From pv magazine USA
The New York Power Authority (NYPA) has unveiled a 50 kW/250 kWh demonstration system at its offices in White Plains, New York, featuring a cell-isolating technology from Cadenza Innovation, a Connecticut-based company.
The project is demonstrating peak energy demand shaving to reduce the peak electricity load in commercial buildings. The pilot project will also help advance New York State’s nation-leading climate and clean energy goals, including Governor Kathy Hochul’s recently announced plans for a framework to achieve 6 GW of energy storage resources by 2030.
Following an April 2019 battery fire at Arizona Public Service’s McMicken site in Surprise, Arizona, states such as New York have adopted stringent requirements for lithium-ion battery installations.
Cadenza’s SuperCell is produced with funding assistance from the New York State Energy Research and Development Authority and is designed with fire safety in mind. The battery technology prevents thermal runaway, meaning a malfunction in the cell is isolated to that one cell and is not expected to propagate into surrounding cells that make up the battery in the event of overheating or fire. The supercell’s safety feature enables energy storage systems to be installed into more densely populated urban areas.
The Cadenza battery system was developed in collaboration with Hitachi Energy to highlight the role of energy storage in enhancing demand management and grid flexibility. The battery project is projected to serve as a model for integrating low-cost, high-performance and thermally safe renewable energy resources into the grid.
“This initial testing phase shows the potential for this type of battery energy storage system to serve as a model for managing energy demands and lowering costs for owners of commercial and industrial buildings,” said NYPA CEO Justin Driscoll. “The unit is reducing peak loads at the Power Authority’s main offices, smoothing electricity network operations and showing a safety advantage by demonstrating a reduction in the potential of thermal runaway.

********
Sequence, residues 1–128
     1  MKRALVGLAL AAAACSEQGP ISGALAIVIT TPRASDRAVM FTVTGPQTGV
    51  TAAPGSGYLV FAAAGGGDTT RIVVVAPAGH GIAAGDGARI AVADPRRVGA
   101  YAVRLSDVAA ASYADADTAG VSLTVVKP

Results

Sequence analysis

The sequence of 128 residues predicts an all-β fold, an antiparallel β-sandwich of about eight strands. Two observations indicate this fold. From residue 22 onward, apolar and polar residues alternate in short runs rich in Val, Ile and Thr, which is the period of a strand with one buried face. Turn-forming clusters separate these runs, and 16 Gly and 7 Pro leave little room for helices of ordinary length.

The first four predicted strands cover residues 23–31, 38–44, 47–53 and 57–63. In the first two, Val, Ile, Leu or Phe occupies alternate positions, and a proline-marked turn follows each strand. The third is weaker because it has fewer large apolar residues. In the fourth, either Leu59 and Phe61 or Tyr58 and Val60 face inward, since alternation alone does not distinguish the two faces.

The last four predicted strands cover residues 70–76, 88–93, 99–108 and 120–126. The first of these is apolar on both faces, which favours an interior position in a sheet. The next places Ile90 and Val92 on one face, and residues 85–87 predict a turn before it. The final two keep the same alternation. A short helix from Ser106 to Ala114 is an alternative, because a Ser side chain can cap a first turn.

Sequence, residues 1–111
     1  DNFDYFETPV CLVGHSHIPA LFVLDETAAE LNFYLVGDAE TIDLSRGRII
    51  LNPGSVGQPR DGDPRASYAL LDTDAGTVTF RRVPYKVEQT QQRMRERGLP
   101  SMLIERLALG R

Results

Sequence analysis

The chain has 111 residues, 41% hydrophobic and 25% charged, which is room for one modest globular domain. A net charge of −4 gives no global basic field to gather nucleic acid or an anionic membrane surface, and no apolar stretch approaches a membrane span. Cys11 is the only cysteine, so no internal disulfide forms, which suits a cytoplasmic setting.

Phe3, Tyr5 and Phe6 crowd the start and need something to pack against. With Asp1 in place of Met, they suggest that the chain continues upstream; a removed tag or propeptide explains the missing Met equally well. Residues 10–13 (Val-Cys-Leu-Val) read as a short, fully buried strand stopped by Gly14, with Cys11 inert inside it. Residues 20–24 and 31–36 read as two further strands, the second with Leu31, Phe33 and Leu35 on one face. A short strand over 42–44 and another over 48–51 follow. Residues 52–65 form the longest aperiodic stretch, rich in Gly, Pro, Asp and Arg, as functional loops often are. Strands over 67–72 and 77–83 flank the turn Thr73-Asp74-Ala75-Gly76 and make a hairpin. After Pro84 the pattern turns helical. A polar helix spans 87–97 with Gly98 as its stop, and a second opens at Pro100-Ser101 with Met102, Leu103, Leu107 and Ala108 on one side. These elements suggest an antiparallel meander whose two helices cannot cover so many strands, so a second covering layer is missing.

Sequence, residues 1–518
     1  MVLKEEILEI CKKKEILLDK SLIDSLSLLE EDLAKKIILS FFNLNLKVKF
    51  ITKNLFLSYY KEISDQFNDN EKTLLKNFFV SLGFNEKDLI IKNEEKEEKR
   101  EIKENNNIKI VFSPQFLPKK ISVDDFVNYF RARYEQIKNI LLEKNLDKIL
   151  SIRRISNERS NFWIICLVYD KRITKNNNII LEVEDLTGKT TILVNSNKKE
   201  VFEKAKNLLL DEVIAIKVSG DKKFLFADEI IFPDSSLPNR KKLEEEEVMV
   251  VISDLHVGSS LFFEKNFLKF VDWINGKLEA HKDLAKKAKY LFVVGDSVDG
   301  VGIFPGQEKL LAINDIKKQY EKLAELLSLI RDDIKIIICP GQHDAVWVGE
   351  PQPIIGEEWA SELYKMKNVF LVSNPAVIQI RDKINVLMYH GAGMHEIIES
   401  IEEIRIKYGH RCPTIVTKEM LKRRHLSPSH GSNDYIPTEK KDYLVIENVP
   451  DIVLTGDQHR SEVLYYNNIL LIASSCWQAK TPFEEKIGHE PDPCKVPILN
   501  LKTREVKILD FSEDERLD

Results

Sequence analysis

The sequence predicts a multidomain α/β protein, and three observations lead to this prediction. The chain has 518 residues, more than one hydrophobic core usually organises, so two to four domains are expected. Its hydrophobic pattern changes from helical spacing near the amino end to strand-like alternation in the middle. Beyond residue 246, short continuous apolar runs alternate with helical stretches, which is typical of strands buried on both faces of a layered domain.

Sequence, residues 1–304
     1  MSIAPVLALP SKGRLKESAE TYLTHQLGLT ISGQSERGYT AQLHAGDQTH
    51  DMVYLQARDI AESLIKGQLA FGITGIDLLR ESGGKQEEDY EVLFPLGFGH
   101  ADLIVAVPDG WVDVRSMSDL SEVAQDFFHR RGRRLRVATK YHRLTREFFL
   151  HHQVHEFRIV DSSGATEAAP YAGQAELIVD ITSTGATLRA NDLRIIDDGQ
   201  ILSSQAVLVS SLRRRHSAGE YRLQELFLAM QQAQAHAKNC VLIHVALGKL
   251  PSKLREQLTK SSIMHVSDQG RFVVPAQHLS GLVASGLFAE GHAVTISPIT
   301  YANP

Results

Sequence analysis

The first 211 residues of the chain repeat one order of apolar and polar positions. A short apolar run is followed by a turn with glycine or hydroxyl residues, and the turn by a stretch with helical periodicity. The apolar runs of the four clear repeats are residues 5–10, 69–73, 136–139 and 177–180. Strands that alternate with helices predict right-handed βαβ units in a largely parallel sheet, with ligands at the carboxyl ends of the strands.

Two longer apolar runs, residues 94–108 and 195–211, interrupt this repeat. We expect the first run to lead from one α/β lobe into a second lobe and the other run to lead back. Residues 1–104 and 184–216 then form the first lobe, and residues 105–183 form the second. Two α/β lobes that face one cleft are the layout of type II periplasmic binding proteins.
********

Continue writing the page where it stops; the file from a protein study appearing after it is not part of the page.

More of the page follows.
Cadenza’s battery is U.S. Department of Defense tested UL compliant. The SuperCell’s design bolsters grid resilience and powers a range of uses in the commercial and industrial market. By packaging components to lower costs and increase safety, the battery is designed to reduce the need for additional fire safety protection and mitigation systems, resulting in improved energy density and advanced lithium-ion systems.
Under New York’s Climate Leadership and Community Protection Act (CLCPA), the state has pledged to generate 70% of its power resources from renewable energy by 2030 and become net zero by 2040. Hochul recently proposed expanding New York State’s energy storage programs to double the goal to 6 GW by 2030, which represents at least 20% of the state’s peak electricity load.
BloombergNEF (BNEF) says the global energy storage market will increase 15-fold by 2030 and “expects batteries to dominate the market at least until the 2030s, in large part due to their price competitiveness, established supply chain and significant track record.” BNEF’s Helen Kou recently told pv magazine USA that 54 GW of Inflation Reduction Act-driven storage will lift the U.S. to 112 GW/396 GWh this decade. BNEF’s post-IRA forecast includes 2.5 GW of added storage capacity in New York through 2030 that would have not been added without IRA incentives such as the standalone storage ITC credit.
Founded in 2012, Cadenza Innovation has raised $15.5 million in growth funding to date from investors that include Turtle & Hughes, an electrical contractor, the US Department of Energy, Kestrel Holdings, Golden Seeds, Toba Group, and private investors.
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